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House Sends Ukraine Sanctions Measure With Aid to Obama

Soldiers of the newly founded Ukrainian National Guard take part in military exercises on the shooting range not far from Kiev on March 31, 2014. Photographer: Sergei Supinsky/AFP/Getty Images
Soldiers of the newly founded Ukrainian National Guard take part in military exercises on the shooting range not far from Kiev on March 31, 2014. Photographer: Sergei Supinsky/AFP/Getty Images

April 2 (Bloomberg) -- The U.S. House passed a bill that would authorize a range of sanctions against Russian officials while extending $1 billion in loan guarantees to Ukraine’s fledgling government.

The measure House lawmakers cleared 378-34 yesterday goes to President Barack Obama to be signed into law. The Senate passed the legislation by voice vote on March 27.

In addition to the loan guarantees, H.R. 4152 authorizes $150 million in direct assistance to Ukraine. It imposes sanctions against Russians and Ukrainians deemed responsible for corruption and violence.

The White House welcomed the vote, spokesman Jay Carney said in a statement. He said the sanctions would “impose costs on individuals and entities who are responsible for acts of violence against the Ukrainian people or are undermining Ukraine’s peace, stability, sovereignty, or territorial integrity.”

The measure will “stand up to Russian aggression” by expanding sanctions that can be imposed on Russian officials and sending a “message of more energy independence for Ukraine,” said House Foreign Affairs Committee Chairman Ed Royce, a California Republican.

The conflict over Crimea marks Russia’s most significant standoff with the U.S. and the European Union since the Cold War ended. Russian President Vladimir Putin has justified the annexation of Crimea from Ukraine as righting a wrong that split the peninsula from Russia after the Soviet Union collapsed.

Earlier Sanctions

The U.S. has previously issued sanctions to business leaders and government officials with ties to Putin, as well as a bank. Last month, Obama targeted seven Russian officials and four people from Ukraine, and then blocked travel and froze the assets of 20 more Russians and Bank Rossiya.

The sanctions against Russian officials and their close associates or family members may include blocking access to assets they hold in the U.S. and prohibiting travel to the U.S.

The bill “sends a very clear message that the United States will not tolerate the Russian incursion into Ukraine,” said House Appropriations Committee Chairman Hal Rogers, a Kentucky Republican. “This bill will provide some stability for Ukraine throughout this tumultuous time.”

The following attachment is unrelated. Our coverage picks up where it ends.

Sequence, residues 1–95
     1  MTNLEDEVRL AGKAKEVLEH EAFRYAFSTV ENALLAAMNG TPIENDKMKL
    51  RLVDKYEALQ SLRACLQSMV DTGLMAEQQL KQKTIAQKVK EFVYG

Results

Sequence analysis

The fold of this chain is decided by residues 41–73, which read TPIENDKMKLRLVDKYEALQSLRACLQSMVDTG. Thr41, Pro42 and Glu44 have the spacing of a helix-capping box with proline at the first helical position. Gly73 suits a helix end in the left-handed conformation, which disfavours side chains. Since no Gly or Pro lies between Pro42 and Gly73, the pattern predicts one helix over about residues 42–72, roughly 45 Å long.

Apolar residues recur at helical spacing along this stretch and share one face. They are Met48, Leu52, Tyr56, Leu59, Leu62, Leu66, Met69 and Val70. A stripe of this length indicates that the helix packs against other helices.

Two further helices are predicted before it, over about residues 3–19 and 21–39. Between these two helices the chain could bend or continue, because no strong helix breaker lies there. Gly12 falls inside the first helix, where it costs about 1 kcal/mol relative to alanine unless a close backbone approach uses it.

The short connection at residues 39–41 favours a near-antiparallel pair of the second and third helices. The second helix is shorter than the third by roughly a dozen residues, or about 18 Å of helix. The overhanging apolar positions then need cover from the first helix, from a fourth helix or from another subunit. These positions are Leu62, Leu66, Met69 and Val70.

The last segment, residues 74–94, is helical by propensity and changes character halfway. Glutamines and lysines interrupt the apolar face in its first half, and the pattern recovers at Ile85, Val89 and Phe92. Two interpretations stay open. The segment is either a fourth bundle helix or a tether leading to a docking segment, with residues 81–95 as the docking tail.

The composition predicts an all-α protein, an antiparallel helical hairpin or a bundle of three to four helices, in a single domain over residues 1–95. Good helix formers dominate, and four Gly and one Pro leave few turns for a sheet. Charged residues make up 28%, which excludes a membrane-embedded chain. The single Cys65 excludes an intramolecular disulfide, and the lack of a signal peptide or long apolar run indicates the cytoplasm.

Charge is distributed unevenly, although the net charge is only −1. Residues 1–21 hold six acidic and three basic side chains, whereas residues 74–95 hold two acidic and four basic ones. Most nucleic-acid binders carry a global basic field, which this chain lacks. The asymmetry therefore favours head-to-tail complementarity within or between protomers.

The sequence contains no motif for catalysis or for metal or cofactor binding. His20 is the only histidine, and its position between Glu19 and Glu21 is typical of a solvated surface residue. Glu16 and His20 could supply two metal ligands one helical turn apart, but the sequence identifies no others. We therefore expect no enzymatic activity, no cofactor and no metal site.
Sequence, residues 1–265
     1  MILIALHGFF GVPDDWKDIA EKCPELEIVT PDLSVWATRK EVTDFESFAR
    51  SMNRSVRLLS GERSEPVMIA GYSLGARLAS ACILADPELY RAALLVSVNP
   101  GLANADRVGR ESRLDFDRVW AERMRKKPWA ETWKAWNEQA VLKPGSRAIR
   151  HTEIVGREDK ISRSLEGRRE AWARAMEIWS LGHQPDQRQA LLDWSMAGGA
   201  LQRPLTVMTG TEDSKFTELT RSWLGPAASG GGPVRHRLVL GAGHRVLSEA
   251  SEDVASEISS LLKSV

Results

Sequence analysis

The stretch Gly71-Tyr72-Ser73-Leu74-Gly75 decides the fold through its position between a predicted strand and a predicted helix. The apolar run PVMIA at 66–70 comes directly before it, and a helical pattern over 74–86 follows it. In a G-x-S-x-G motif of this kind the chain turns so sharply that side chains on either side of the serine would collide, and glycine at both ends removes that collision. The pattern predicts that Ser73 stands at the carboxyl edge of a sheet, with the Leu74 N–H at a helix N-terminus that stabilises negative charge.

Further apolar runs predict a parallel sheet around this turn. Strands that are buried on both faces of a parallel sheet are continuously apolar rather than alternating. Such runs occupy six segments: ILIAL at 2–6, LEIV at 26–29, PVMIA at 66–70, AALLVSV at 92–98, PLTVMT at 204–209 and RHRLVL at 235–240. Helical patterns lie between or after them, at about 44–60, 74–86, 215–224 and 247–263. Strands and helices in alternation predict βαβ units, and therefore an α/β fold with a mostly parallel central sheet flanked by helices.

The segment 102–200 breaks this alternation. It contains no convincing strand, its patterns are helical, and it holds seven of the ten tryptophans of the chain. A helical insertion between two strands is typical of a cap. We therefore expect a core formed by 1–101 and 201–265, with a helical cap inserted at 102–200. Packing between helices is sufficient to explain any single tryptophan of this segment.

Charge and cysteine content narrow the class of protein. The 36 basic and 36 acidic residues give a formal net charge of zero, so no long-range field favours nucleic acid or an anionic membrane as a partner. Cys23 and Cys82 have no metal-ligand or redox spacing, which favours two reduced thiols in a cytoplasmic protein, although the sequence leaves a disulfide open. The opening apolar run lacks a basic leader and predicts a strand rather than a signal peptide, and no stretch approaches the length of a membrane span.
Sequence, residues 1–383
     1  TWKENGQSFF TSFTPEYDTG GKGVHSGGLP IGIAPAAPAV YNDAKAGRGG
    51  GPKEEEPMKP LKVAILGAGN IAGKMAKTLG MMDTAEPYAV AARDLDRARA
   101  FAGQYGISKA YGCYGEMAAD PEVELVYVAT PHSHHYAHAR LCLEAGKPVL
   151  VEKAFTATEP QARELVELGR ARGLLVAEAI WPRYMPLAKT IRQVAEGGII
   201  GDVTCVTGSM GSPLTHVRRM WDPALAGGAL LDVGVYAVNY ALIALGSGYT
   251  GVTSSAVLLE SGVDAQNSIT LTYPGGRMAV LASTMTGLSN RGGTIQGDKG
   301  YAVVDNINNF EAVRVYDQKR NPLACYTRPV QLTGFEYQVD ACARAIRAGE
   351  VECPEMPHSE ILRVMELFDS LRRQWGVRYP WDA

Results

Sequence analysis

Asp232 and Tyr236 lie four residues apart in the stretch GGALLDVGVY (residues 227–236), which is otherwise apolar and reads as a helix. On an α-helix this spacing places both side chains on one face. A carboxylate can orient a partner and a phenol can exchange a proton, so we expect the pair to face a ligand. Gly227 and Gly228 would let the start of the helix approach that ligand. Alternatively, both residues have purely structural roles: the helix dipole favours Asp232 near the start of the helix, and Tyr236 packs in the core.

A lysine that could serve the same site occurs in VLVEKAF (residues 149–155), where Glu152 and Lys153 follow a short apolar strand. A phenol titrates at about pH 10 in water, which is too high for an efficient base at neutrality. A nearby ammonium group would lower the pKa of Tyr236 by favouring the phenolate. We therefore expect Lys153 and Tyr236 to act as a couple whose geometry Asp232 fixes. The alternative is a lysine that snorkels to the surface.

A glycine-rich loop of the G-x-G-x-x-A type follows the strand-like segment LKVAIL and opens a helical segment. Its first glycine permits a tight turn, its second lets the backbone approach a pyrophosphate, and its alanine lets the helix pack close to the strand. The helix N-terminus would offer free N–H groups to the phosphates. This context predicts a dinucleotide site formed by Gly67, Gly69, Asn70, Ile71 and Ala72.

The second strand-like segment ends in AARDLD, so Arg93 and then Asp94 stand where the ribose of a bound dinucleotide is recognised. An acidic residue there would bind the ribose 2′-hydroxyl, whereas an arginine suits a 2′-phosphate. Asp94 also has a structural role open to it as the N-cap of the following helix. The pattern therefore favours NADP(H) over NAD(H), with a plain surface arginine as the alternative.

Lawmakers in the Republican-led House also passed a bill yesterday that would increase funding to international broadcasting stations such as Radio Free Europe/Radio Liberty and Voice of America in Ukraine and Crimea.

Propaganda ‘Overdrive’

The measure, S. 2183, passed unanimously by the Senate last week, would boost radio and television in local languages. It’s designed to offset Crimean TV stations that, according to the bill’s text, have been switched over to “a 24/7 Russian propaganda format.”

Russian propaganda is “really in overdrive,” Royce said. The bill “puts us on the offensive in the information battle.”

The House’s first vote to pass a Ukraine aid plan was on March 6, as Crimea’s parliament scheduled a referendum to secede from Ukraine and join Russia.

The measure stalled in the Senate over Republican objections to Democrats’ proposal to make changes to the International Monetary Fund. The Senate passed the measure last week after Democrats dropped their demands to include the IMF provision.

While U.S. lawmakers debated and then took a week-long mid-March break, residents of Crimea voted to join the Russian Federation, and Putin’s government completed the annexation.

U.S. lawmakers have more options should the measure not help dissuade Putin from moving further into Ukraine. House lawmakers last week passed a separate bill that includes additional sanctions that Royce said won’t proceed for now though could be revived to stem future Russian aggression.

To contact the reporters on this story: Derek Wallbank in Washington at dwallbank@bloomberg.net; Kathleen Hunter in Washington at khunter9@bloomberg.net

To contact the editors responsible for this story: Jodi Schneider at jschneider50@bloomberg.net Mark McQuillan

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